6. Be a good role model. The action steps mentioned above are all important, and your teen needs you to role model that you are doing the same for yourself. Encouraging your teen to take steps to recover from their mental illness is asking them to make hard changes and to face challenges. Your message will fall flat if you ask your teen to take steps that you are not modeling or are ready to take yourself. Ask yourself what efforts you are making towards positive change. When you catch yourself being hypocritical – or when your teen is so kind as to point it out to you – acknowledge your mistake to your teen and suggest that you support each other in working on this shared goal. Model healthy choices that you would want your teen to take. Connect with your community, and if you don’t have a support network, then start building one for yourself and your family. Protect not only your teen’s life, but also your relationship with them, and your own well-being. Increase your self-care to avoid burn out and to sustain the ability to be giving and nurturing. Take the time to have fun with your teen and to appreciate life, to make it worth living. Take time to be involved things you value, believe in, and feel passionate about. Supporting a teen who has suicidal thoughts can be a chaotic and emotional time, so keeping in mind that being a healthy role model to your teen is a powerful tool during difficult moments. Look for opportunities to mature and grow as a result of the difficult journey you and your teen are going through together, and your teen will mature and grow with you.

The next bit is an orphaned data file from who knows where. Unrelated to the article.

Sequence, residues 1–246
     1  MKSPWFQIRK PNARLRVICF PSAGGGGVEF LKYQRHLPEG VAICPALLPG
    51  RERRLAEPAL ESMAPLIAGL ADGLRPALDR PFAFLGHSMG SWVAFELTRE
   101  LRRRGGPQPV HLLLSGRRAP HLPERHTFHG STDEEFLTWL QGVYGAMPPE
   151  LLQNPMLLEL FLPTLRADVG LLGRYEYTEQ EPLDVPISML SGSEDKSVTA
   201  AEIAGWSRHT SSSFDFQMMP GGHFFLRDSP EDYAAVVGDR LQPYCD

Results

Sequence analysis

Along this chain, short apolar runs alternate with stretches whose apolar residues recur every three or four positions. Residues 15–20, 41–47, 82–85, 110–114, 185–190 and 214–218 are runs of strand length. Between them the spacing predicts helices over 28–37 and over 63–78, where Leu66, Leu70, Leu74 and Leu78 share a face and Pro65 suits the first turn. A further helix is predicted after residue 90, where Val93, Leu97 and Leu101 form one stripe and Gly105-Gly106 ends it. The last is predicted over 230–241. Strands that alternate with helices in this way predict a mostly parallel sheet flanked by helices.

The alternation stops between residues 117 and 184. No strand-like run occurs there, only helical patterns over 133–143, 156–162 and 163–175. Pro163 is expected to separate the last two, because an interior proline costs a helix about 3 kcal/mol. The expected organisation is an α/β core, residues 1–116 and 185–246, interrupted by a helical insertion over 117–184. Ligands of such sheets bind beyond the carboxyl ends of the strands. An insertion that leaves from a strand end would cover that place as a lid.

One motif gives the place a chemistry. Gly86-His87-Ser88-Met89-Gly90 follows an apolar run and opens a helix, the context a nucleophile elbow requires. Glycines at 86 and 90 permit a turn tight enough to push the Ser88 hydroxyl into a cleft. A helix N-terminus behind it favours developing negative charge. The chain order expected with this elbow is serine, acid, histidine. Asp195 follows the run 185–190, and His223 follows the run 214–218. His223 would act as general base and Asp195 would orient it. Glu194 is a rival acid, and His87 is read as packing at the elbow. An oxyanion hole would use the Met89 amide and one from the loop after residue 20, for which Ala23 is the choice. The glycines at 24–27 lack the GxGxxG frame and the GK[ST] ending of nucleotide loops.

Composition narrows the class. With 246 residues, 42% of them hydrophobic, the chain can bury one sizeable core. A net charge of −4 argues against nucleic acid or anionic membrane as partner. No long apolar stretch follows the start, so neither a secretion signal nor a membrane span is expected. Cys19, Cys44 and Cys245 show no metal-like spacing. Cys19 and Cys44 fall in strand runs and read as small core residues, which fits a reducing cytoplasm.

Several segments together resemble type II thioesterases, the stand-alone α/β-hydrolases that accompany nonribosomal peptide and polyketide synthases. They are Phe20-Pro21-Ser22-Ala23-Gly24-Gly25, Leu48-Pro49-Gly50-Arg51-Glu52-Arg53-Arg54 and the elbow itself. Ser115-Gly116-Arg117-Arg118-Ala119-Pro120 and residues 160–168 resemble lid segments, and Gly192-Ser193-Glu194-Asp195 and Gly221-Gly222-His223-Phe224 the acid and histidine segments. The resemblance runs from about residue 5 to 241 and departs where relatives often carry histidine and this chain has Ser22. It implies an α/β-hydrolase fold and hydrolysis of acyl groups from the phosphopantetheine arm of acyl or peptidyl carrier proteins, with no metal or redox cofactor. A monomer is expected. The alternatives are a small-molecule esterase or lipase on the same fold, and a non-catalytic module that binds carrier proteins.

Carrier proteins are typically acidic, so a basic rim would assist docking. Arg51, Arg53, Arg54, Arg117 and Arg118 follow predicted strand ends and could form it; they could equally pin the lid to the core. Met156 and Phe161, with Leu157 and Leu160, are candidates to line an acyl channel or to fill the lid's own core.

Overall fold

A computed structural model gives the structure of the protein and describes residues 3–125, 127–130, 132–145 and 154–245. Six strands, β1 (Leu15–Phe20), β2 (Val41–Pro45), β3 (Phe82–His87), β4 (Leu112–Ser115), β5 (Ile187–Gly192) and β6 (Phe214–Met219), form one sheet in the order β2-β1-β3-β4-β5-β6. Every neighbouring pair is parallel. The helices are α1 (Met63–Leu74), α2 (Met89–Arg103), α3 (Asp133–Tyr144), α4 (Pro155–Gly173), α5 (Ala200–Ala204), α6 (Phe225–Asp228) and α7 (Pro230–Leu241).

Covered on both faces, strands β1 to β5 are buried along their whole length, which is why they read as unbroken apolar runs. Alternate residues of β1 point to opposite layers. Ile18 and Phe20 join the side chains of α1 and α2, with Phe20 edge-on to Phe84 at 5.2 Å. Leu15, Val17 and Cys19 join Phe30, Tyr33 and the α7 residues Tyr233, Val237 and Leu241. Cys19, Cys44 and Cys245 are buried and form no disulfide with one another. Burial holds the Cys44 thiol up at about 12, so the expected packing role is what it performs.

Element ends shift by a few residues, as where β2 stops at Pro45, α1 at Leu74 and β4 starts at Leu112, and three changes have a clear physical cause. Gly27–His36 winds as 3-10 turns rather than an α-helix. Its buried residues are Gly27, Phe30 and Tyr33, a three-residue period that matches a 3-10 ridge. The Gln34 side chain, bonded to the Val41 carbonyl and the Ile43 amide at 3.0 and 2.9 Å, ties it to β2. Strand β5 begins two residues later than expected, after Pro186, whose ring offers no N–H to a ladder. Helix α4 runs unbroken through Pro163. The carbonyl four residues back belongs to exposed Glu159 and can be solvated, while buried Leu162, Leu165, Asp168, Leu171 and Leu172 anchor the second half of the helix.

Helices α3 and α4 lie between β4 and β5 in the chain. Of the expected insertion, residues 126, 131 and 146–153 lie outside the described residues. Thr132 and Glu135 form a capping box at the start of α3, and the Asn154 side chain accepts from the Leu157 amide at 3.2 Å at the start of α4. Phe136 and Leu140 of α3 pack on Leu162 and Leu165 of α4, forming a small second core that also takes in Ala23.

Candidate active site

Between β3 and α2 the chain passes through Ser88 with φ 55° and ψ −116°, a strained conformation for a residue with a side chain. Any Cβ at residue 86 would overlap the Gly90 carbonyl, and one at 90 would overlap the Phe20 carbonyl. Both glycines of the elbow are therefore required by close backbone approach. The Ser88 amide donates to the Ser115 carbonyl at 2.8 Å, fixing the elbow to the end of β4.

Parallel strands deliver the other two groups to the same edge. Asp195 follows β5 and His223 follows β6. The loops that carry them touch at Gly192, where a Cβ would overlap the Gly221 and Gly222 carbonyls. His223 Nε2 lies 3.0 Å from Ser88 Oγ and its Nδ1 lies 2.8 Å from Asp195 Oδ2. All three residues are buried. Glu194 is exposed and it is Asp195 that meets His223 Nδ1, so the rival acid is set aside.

*The they/theirs pronoun denotes inclusion of all gender identities.

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Would you like additional guidance in this area? Teen Therapy Center provides individual teen therapy, family therapy, group therapy, parent support counseling, and in-home teen and family coaching 7 days a week, including afternoons, evenings, and weekends. For more information, contact us at 408.389.3538.